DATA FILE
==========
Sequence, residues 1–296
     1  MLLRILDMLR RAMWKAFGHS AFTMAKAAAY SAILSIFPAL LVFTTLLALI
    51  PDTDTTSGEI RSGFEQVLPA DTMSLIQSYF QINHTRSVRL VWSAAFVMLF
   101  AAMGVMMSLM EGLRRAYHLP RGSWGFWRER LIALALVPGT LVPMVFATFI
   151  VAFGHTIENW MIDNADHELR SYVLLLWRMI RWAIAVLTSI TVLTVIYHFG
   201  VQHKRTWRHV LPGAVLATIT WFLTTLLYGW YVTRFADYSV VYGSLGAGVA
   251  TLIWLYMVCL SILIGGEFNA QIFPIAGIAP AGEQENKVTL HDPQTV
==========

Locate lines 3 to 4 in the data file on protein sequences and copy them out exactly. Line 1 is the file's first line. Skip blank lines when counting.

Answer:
    51  PDTDTTSGEI RSGFEQVLPA DTMSLIQSYF QINHTRSVRL VWSAAFVMLF
   101  AAMGVMMSLM EGLRRAYHLP RGSWGFWRER LIALALVPGT LVPMVFATFI